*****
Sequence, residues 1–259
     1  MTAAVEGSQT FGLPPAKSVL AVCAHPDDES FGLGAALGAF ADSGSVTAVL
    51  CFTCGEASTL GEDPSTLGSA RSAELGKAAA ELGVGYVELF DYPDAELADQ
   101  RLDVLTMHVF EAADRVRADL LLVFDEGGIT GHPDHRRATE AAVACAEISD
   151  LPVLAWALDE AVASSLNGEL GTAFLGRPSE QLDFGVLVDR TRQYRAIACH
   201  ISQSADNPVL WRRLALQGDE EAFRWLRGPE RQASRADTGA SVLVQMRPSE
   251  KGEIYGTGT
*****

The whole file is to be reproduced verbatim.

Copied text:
Sequence, residues 1–259
     1  MTAAVEGSQT FGLPPAKSVL AVCAHPDDES FGLGAALGAF ADSGSVTAVL
    51  CFTCGEASTL GEDPSTLGSA RSAELGKAAA ELGVGYVELF DYPDAELADQ
   101  RLDVLTMHVF EAADRVRADL LLVFDEGGIT GHPDHRRATE AAVACAEISD
   151  LPVLAWALDE AVASSLNGEL GTAFLGRPSE QLDFGVLVDR TRQYRAIACH
   201  ISQSADNPVL WRRLALQGDE EAFRWLRGPE RQASRADTGA SVLVQMRPSE
   251  KGEIYGTGT